SEOUL • Fishing boats carrying decomposed corpses have washed ashore in Japan in recent weeks, leading to speculation that they are rickety North Korean vessels which strayed too far from port under the impoverished nation's push to boost its catch.
There has been no mention from secretive North Korea of any missing boats, but its leader, Mr Kim Jong Un, has put a high priority on fishing as a way of earning foreign currency and providing a food source that is not reliant on harvests.
The Japanese coastguard and police reported 12 incidents of wrecked wooden boats, including some that were in pieces, arriving on the country's shores and waters since October. The Japanese authorities declined to comment, but a handwritten sign identified one boat as belonging to unit 325 of the North Korean army, according to footage from Japan's NHK Television. Tattered cloth that appeared to come from a North Korean flag was found aboard the vessel, the video showed.
Defectors and experts say fishing boats under the command of the Korean People's Army, under pressure to catch more fish, may have drifted off course and they were ill-equipped for rough seas.
TV images showed some boats were relatively large, but the coast guard said they did not have GPS navigation systems. Although Japan's Meteorological Agency said there was no unusually bad weather in the Sea of Japan last month, the waters are rougher at this time of the year.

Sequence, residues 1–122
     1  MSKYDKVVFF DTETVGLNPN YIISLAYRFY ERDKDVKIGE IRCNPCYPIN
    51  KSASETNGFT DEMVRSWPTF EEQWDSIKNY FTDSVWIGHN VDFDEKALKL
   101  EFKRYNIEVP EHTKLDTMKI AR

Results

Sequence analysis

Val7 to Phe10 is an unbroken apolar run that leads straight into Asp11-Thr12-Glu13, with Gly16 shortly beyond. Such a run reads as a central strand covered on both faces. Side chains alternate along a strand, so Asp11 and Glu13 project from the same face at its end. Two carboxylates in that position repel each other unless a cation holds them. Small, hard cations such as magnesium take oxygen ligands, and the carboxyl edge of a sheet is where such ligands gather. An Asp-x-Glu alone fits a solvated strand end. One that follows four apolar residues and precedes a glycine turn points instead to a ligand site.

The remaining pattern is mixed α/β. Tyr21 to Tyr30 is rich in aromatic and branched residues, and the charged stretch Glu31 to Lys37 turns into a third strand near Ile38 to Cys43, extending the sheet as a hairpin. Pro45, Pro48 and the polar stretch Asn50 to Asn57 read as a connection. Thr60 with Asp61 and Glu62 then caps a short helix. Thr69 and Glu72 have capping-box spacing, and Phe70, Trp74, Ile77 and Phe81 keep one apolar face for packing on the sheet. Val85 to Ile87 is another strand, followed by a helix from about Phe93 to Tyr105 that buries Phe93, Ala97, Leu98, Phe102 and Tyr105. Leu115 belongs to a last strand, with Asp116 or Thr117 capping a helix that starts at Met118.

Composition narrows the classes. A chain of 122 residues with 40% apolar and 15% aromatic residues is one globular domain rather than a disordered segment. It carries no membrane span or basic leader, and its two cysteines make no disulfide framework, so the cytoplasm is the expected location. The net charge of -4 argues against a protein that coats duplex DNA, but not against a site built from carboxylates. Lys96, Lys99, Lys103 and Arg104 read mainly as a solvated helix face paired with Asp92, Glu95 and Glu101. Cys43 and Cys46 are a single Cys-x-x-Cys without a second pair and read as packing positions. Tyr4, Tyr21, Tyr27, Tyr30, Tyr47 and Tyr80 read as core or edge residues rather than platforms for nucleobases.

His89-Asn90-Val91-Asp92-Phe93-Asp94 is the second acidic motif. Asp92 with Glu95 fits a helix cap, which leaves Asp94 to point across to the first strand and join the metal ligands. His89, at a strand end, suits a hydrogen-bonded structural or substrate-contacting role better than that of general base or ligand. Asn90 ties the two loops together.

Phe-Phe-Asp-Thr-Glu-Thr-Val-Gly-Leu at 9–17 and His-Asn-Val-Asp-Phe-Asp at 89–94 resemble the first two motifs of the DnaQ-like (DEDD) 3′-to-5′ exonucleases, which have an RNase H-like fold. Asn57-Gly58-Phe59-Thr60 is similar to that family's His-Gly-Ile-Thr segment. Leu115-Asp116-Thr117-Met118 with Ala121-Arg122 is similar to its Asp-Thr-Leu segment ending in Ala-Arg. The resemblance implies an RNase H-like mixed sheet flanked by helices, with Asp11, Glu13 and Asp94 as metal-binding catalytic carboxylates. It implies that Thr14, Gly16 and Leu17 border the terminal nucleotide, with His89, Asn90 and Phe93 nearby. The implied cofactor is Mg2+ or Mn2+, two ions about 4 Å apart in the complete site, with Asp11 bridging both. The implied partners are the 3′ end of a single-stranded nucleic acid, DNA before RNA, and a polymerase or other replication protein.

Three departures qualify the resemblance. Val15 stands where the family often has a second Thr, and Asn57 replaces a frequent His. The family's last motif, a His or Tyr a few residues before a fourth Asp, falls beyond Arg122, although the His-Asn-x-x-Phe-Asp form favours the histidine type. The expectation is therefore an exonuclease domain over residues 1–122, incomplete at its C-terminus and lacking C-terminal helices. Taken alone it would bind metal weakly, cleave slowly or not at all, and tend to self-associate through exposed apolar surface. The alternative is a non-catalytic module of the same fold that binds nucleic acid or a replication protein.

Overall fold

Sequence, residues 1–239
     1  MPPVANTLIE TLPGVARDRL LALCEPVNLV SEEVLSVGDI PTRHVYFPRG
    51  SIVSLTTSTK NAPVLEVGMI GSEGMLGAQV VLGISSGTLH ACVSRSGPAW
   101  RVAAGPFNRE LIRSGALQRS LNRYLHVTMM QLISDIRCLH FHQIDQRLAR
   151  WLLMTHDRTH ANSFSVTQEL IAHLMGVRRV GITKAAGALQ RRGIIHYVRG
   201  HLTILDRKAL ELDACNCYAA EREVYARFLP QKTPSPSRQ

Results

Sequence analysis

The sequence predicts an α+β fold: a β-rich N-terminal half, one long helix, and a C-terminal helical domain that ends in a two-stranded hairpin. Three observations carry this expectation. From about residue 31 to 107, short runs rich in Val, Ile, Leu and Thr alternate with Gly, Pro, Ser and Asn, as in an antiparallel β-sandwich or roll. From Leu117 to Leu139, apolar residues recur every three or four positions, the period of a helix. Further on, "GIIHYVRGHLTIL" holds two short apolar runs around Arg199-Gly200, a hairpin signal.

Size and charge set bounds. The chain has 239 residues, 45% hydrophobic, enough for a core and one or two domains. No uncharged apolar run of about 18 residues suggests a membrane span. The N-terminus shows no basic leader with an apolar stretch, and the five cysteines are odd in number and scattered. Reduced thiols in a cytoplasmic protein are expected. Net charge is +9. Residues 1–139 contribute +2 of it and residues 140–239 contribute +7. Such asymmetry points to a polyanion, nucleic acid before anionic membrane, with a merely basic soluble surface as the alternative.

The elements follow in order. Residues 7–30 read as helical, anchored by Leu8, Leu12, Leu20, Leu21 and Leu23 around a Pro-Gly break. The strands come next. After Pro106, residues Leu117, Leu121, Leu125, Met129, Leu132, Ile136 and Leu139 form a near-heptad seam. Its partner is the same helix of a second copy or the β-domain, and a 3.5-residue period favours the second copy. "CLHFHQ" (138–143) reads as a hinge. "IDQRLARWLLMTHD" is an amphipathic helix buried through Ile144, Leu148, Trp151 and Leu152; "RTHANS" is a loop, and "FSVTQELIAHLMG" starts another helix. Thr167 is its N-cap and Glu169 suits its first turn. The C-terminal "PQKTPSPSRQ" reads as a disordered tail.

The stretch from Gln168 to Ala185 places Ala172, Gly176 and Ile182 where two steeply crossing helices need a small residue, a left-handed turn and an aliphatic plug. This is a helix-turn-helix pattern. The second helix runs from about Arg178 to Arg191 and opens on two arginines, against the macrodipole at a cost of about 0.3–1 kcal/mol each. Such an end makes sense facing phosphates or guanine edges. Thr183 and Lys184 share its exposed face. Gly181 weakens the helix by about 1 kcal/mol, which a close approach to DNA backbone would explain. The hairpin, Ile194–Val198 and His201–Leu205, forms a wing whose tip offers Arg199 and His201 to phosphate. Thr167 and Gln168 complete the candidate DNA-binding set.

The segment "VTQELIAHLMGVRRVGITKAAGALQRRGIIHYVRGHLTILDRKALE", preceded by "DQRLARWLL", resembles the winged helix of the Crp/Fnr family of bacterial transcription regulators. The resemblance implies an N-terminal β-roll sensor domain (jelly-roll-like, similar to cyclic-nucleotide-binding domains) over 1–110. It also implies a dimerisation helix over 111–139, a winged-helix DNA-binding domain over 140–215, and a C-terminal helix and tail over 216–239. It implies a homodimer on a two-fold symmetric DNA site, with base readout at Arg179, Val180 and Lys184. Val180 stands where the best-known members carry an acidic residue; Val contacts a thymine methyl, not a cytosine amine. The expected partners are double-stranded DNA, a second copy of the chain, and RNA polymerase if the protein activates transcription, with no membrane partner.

October through February is also prime season for squid, sandfish and king crab off the east coast of the Korean peninsula, and it is not unusual that there would be high numbers of boats at sea, said Professor Kim Do Hoon, a professor of fisheries science at Pukyong National University in Busan.
"Kim Jong Un has been promoting the fisheries, which could explain why there are more fishing boats going out," he said. "But North Korean boats, with bad engines, perform really poorly. They risk their lives to go far to catch more. Sometimes, they drift and fishermen starve to death."
Over the years, North Korean boats have washed ashore in Japan as well as on the deserted beaches of the Russian Far East. Fishing is a vital industry in the impoverished North, and its 1.2 million-strong army is heavily engaged in food production, including fishing.
"Some of the boats belong to Korean People's Army fishery stations, possibly operating to catch sailfin sandfish," said Mr An Chan Il, who served in the North's army before defecting to South Korea.
North Korea's young leader recently visited a fishing stationand called for the facility to be upgraded, the North's official KCNA news agency said.
Mr Lee So Yeon, a North Korean army defector, said fish products are a key export for the North's army, which hires civilian fishermen to make money. "North Korean army units and security agencies run many businesses to earn foreign currency- from mining gold to catching fish on the west and east coasts," he said.
Professor Lee Jong Won, a professor of international relations at Japan's Waseda University, said: "The North is introducing an incentive system for producers. Fish is one of the main export products to China, which can be a way to get foreign currency. There is a possibility this incentive system led people to take more risks."